Saturday’s Correspondents Dinner Dishes Up Vulgar, Hateful Controversy

correspondents dinner

Michelle Wolf may have been listed as a comedian at Saturday’s White House Correspondents Dinner, but no one is quite sure why. Her monologue, an abusive personal attack on the women of this administration, was spectacularly unfunny. And by the program’s end, the only joke — liberals agreed — was that Wolf was ever invited in the first place.

After a string of especially vulgar lines, the Comedy Central contributor couldn’t help but notice the uncomfortable silence that followed. “Yeah, you shoulda done more research before you got me to do this,” she cracked. That was certainly the consensus on both sides of the political aisle after a performance so biting that some people got up and left. Press Secretary Sarah Huckabee Sanders took the brunt of the savagery, sitting quietly on the same stage as Wolf, listening as the woman at the podium derided everything from her character to her eye make-up.

“I love you as Aunt Lydia in ‘The Handmaid’s Tale,'” Wolf said, referring to an evil character on the show. “Every time Sarah steps up to the podium I get excited because I’m not real sure what we’re going to get — a press briefing, a bunch of lies or divided into softball teams. I really like Sarah, I think she’s very resourceful. She burns facts, and then she uses that ash to create a perfect smoky eye. Maybe she’s born with it… maybe it’s lies.” In an especially cringe-worthy moment, Wolf compared Sanders to Uncle Tom. “I’m never really sure what to call Sarah Huckabee Sanders. Is it Sarah Sanders, is it Sarah Huckabee Sanders? Is it Cousin Huckabee? Is it Auntie Huckabee Sanders? Like what’s Uncle Tom for white women who disappoint other white women?”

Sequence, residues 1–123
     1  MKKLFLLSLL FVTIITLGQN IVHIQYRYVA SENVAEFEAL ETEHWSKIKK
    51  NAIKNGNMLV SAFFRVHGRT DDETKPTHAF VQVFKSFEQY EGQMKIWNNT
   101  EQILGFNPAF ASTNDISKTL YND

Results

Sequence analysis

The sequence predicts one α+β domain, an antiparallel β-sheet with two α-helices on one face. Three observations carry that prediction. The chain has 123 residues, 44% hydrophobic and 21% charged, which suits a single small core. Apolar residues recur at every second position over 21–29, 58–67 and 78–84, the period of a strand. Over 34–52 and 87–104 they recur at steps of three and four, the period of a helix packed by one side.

And Sanders wasn’t the only target. Wolf called the president’s daughter, Ivanka, “as helpful to women as an empty box of tampons.” She took on Kellyanne Conway, a key White House advisor, insisting she was an inveterate liar, and asked: “If a tree falls in the woods, how do we get Kellyanne under that tree?”

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For the media, who’s already in an uphill battle for Americans’ trust, Saturday’s dinner didn’t exactly help matters. “If the #WHCD dinner did anything tonight, it made the chasm between journalists and those who don’t believe us even wider,” tweeted the AP’s Meg Kinnard. MSNBC co-host of “Morning Joe,” Mika Brzezinski, was one of the dozens of horrified Left-leaning reporters to come to Sarah’s defense. “Watching a wife and mother be humiliated on national television for her looks is deplorable.”  She’s right. Not only was the profanity inappropriate for this kind of public forum, but the harassment of Sanders made more than a few of us wonder: what happened to all of those anti-bullying crusaders?